7 DOs and DONTs for Seed-Stage SaaS Pricing

Yes, the obvious goal of pricing is to make money — well done Rodrigo ;-)

Pricing is one of the biggest levers that you have in SaaS. The recurring nature of the business model makes any price increase, decrease or discount an important decision.

But at this early stage of your company, the goal of your pricing is not to optimise to make (THE real) money. The goal is to test if customers will pay something that will make your business work.

And your business will work if:

  1. It’s cheaper to acquire a customer (CAC) than whatever $$ they generate in a period of time (LTV). 
    As you know, ARPA which depends on price, affects LTV in SaaS.
  2. You have an interesting market size.
    If you want to raise VC money, ARPA times the number of potential customers should be in the 100s of millions dollars, or better yet, billions of dollars.

You will always have time to optimize pricing later.

About this series
This series of articles are drafted from our experience at Point Nine Capital on the top priorities for early-stage SaaS companies. Note that though more relevant for startups who focus on SMBs first and then go upmarket, the priorities are general enough to apply to most SaaS companies.

Some suggestions here to decide your early pricing for a SaaS biz:

#1 Back-solve the Amount

Don’t end in the SaaS graveyard of high CAC and low LTVs

If you’re selling to small businesses, you need to get 100s$ of dollars from them a month to scale. If you sell to medium sized businesses 1000s$ a month. For enterprise, a lot more than that.

When you decide your first pricing, pick a figure relevant to your customer’s size and cost of acquisition.

If you see friction, try to stick to that figure. Instead of lowering the price to get an adoption, refocus the product to provide value to your customers. Keep asking them: “What can I provide you so you pay me xx?”

#2 Reduce the Number of Pricing Plans

1 plan + a trial period is better than 2 plans + a trial…. and yes, I know that you should have 3 plans for psychological reasons.

You should think that every pricing tier adds a lot of extra complexity to manage. The more plans, the harder it becomes to understand the different conversion and expansion rates. At this stage you don’t have the resources and understanding of the market to deal with that.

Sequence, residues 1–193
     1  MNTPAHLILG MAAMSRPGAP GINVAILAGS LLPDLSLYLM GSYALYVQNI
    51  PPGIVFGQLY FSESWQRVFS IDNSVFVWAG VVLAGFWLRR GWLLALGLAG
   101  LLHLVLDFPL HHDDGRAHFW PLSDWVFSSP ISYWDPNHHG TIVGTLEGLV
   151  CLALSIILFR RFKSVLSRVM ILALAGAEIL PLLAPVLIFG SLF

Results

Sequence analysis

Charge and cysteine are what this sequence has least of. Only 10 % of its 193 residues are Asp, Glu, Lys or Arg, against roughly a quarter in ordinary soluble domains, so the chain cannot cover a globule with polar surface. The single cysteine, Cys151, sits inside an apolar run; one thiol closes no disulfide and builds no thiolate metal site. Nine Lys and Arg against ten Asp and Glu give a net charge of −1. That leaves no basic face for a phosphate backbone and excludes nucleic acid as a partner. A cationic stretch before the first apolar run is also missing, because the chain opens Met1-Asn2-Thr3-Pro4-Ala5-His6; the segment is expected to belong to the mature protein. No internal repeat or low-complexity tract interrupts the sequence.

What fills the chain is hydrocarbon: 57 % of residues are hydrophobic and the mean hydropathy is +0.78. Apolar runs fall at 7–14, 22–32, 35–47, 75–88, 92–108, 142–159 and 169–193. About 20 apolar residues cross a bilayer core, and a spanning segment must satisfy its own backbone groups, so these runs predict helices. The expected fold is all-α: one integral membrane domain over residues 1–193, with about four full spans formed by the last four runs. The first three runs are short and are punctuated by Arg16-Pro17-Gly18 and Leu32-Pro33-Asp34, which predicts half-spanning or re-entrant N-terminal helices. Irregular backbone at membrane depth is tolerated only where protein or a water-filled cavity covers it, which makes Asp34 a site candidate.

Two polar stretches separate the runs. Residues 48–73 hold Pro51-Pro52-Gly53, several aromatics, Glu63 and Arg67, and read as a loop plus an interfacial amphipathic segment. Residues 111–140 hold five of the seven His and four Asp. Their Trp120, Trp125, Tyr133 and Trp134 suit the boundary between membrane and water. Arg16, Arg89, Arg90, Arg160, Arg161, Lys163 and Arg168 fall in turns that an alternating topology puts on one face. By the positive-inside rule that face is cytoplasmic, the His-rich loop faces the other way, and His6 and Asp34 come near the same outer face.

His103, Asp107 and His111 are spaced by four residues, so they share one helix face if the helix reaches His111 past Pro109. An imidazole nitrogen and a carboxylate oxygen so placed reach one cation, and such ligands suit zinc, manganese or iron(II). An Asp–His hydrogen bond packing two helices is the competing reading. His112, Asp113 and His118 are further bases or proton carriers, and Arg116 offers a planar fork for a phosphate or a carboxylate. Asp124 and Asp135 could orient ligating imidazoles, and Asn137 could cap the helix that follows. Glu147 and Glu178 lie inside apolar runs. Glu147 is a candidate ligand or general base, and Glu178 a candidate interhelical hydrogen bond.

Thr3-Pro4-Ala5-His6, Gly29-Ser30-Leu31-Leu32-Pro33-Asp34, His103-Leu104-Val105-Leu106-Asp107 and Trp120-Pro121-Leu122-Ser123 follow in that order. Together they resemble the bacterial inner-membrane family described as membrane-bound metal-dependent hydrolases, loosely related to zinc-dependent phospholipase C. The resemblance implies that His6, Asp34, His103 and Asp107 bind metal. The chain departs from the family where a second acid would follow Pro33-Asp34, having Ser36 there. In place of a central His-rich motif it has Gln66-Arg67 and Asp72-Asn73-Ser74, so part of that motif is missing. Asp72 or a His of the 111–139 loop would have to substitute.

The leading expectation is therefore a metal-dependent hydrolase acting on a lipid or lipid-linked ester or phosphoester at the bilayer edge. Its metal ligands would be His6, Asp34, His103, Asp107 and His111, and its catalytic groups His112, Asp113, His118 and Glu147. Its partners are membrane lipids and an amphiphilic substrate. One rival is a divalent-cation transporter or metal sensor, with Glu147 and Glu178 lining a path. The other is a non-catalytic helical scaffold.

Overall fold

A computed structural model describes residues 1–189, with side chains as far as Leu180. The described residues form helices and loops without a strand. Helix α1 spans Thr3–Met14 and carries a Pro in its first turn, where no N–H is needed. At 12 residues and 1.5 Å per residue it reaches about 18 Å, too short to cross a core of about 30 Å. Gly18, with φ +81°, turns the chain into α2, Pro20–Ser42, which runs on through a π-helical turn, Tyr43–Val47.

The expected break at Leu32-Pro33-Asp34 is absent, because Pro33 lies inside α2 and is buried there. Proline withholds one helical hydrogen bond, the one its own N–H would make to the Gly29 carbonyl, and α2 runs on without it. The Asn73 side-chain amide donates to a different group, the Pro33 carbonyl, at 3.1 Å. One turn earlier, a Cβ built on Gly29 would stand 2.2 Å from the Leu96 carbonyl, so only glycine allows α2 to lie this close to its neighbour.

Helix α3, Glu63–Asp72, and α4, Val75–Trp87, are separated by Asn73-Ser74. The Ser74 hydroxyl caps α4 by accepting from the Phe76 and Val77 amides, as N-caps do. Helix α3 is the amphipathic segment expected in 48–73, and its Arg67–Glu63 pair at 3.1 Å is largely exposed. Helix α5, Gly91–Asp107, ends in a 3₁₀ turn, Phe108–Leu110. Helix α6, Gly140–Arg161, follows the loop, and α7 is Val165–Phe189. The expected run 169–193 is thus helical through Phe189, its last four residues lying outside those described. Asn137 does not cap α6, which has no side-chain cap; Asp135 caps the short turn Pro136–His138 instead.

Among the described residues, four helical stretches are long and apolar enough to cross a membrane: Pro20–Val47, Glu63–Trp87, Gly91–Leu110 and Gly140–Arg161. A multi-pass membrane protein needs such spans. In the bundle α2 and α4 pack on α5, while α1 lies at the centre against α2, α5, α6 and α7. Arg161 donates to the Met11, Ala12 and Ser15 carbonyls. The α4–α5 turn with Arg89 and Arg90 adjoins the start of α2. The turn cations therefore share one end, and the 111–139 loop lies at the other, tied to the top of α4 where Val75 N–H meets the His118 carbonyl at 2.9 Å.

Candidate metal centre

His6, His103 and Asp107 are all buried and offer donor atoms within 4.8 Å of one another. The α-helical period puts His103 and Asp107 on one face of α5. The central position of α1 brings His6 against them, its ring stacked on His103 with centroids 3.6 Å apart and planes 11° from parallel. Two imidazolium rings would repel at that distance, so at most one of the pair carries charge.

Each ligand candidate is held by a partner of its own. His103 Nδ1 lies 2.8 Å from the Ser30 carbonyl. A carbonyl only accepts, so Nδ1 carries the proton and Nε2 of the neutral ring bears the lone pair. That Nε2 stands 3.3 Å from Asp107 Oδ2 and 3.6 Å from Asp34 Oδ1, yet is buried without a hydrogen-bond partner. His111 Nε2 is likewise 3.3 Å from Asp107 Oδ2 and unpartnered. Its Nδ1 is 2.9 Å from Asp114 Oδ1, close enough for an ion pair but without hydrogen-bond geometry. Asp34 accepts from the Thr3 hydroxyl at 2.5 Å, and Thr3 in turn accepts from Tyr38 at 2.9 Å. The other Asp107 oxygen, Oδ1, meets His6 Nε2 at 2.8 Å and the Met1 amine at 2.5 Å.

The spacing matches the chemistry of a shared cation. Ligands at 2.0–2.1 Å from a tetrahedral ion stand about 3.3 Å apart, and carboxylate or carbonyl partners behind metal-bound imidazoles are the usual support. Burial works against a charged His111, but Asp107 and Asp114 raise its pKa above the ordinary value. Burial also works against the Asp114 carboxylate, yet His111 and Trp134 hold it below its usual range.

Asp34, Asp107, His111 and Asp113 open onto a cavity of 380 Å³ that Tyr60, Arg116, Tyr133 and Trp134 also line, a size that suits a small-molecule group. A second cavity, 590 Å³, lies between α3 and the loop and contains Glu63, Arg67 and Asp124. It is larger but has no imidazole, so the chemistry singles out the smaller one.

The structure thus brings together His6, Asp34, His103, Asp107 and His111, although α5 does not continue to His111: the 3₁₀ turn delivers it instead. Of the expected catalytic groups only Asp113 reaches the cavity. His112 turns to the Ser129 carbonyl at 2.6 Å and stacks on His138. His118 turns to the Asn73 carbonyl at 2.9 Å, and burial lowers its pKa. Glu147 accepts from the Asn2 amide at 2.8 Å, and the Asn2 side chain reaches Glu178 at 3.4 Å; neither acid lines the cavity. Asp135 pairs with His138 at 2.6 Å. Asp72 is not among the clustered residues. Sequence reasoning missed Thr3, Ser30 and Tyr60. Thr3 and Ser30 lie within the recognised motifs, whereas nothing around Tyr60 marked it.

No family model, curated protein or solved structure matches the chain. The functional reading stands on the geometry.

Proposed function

If you can, try to simplify your pricing to a metric that somehow correlates with the value perceived (ie. users/seats).

#3 Do NOT Over-Engineer It

Remember that the goal today is not to optimise, but rather to check we have a potential business.

Then, try to copy a pricing plan that the potential customers have seen before. You don’t want them to avoid trying your product because they don’t understand your pricing.

Users tend to understand well pricing models in which they can control the input (again, number of seats, data ingested, etc.).

If they sense that the pricing can be uncontrollable, they will probably not even try your product.

#4 Do NOT Set the Pricing Too Low

Increasing it by even x2 later will be veeery hard. First because you anchored yourself and your customers to a lower price, so there’s a lower perception of value. And second because you will feel scared of rejection and your team will feel it too and push against it.

An exception to this rule is if your product has some kind of product virality — like Slack, Trello, etc.. Then you want as many users as possible, thus it makes sense to lower the price.

#5 Think Twice About Freemium — if you can, do trials instead

The goal of pricing at this stage is to get your customers to pay something relevant. A free plan sometimes makes sense for marketing reasons or to lock-in a market.

If you add a cheaper pricing tier to avoid competitors and become the category leader, don’t do it just now. You can do that later.

On top of that, a freemium plan brings the following challenges

  • If your customers aren’t willing to pay for your product, it is better to learn it as soon as possible. 98% of freemium users never convert into paying customers.
  • The free users can be a big distraction, because they will still give you feedback that affects your roadmap and ask for support. But they don’t pay :)
  • Freemium pricing anchors you very low. If there’s a free version, you need to provide a ton of value to ask somebody to pay big money.
  • I’ve seen that founders tend to be very generous with the free product. It seems like usage, even if not paid, could be a proxy for success (?)

If you can, extend trial periods instead of freemium. Learn why people are not converting —it might be hard to understand the value, your product might have a long on-boarding, etc.

#6 Limit Discounts In Time

If you don’t limit discounts over time, you are giving away a big chunk of revenue over the life time of a customer. A 20% discount of $1000 month, over 3 years means $7.2k per customer.

#7 It’s OK to be Generous with Referrals

Referrals are a great source of leads at this stage.

The person who does the referral is endorsing your product and sharing his “trust”. That helps bring customers.


Pricing is a very complex topic. Those comments are just focused on early stage, because pricing should not be a key area of your focus then — you have higher priorities. But as soon as you get some growth, you should start learning about the elasticity of price and how to capture more of the value you’re generating.

But those are topics for a future post.

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In case you missed the previous ones:
1. Setting the Right Goals
2. Having the Right Infrastructure & Monitoring in Place
3.
Get Your Finance Plan Right
4.
The Right Team & Roles
5.
Invest in Sales & Marketing